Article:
Germany’s dependence on China’s export trade has increased during 2020, as China’s economy expanded while the economies of Germany’s other trading partners shrank. Germany exported €110.1 billion of goods to China in 2019, compared to €71.3 billion to the United States. Germany’s exports to China increased by 13% between November 2019 and November 2020, while exports to the United States were flat on a year-on-year comparison.
Just as important as Germany’s exports to China are the sales of German products manufactured in China, including a third of all Chinese car sales. German automakers draw heavily on Chinese technology, including batteries for electric vehicles and computer systems for German cars. Chinese officials warned the German government that it would “draw the appropriate consequences” if Berlin excluded Huawei, presumably by penalizing German corporations. Germany’s business community has lobbied against the exclusion of Huawei.
Germany’s economy is so integrated with China that a rupture in economic relations would be painful, especially as Europe struggles to recover from the COVID-19 recession. A laggard in mobile broadband, Germany hopes to improve its industrial competitiveness by adopting Fourth Industrial Revolution technologies, including Artificial Intelligence applications to industrial production, pharmaceutical research, and logistics. The gravitational pull of China’s expanding home market and its leading position in key digital technologies is hard for Germany to resist, despite a broad distrust of China among the German public.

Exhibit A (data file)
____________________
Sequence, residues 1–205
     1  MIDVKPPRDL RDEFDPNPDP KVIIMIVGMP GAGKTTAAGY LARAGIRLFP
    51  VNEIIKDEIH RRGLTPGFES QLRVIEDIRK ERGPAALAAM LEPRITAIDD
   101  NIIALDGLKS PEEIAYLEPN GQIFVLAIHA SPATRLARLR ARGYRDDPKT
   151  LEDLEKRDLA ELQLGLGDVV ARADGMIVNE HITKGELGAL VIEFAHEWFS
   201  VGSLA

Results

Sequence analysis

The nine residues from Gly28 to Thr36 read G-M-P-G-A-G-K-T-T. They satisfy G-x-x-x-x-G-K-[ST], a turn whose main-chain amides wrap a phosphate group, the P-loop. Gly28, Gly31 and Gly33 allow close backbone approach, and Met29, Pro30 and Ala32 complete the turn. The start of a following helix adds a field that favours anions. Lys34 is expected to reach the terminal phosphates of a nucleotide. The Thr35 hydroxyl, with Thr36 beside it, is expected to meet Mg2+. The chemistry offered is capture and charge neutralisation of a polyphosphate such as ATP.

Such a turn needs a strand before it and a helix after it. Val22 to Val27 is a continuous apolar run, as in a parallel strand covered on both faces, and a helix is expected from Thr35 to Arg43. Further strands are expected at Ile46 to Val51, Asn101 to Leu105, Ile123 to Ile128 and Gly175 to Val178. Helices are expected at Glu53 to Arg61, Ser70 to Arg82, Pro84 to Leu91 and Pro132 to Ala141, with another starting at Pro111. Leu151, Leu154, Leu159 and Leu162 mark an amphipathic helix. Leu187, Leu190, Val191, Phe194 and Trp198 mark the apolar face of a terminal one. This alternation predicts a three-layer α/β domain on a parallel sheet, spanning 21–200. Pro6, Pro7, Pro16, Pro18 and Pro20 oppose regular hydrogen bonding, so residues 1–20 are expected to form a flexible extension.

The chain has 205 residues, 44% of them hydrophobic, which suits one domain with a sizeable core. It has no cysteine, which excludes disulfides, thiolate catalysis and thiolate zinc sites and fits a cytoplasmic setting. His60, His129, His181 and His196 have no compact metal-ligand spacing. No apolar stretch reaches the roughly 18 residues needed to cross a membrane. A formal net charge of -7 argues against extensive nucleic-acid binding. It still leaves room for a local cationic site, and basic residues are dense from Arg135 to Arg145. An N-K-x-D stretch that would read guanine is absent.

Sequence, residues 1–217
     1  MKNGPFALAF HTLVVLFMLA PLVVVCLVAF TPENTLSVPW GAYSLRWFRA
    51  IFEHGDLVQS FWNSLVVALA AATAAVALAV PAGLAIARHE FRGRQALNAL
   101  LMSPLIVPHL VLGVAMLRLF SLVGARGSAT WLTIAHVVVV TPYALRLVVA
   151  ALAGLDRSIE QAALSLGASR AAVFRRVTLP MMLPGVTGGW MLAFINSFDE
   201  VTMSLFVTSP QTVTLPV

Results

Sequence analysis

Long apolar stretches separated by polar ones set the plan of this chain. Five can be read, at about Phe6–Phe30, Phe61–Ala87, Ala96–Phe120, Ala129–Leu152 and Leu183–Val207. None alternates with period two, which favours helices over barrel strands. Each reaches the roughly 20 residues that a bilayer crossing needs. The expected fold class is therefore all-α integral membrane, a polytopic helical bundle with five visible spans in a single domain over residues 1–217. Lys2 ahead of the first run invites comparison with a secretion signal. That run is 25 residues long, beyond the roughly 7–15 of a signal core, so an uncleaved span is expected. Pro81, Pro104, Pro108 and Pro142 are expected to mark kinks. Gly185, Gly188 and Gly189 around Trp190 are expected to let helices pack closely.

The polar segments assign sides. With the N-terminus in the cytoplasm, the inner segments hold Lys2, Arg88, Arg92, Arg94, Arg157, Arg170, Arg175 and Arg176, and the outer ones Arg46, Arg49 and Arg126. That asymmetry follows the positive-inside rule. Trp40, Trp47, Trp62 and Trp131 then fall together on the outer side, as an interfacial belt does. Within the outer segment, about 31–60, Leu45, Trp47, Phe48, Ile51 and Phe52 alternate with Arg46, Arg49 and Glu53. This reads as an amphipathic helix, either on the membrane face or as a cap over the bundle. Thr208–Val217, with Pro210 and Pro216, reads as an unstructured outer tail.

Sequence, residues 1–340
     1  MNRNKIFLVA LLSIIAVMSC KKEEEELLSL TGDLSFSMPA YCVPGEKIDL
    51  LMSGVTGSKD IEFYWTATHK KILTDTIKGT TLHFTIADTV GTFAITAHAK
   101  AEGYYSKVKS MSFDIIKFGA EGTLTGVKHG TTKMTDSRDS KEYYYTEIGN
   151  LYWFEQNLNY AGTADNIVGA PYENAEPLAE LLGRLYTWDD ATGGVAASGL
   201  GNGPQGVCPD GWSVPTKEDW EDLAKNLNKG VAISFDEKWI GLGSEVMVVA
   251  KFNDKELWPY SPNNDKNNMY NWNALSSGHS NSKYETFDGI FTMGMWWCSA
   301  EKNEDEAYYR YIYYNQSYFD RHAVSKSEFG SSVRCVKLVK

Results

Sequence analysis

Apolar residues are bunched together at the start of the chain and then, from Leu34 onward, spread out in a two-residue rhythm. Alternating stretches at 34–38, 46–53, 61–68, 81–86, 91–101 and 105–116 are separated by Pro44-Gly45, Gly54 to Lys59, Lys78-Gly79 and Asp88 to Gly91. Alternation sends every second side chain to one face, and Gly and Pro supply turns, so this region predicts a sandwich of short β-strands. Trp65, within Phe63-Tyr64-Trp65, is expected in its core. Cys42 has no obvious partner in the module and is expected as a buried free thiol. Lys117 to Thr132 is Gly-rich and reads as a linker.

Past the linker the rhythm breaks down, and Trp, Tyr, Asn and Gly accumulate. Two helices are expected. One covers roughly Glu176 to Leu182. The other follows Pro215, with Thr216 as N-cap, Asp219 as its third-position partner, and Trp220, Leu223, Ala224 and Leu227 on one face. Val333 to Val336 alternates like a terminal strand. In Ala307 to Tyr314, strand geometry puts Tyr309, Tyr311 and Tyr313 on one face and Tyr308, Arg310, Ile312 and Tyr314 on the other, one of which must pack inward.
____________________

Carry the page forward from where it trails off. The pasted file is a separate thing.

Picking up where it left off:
Most Germans distrust China, but their opinion of the United States isn’t much better. Without a compelling sympathy for either Washington or Beijing, Germans will choose to follow their economic interests.
An opinion poll financed by the European Union published last month found that only 35.4% of Germans had a positive opinion of China. But roughly the same proportion, or 39.2%, had a positive opinion of the United States. 46% of those polled said that their opinion of China had worsened during the past year. 62.5% of Germans said they had a negative view of China, compared to 54.1% with a negative view of the United States.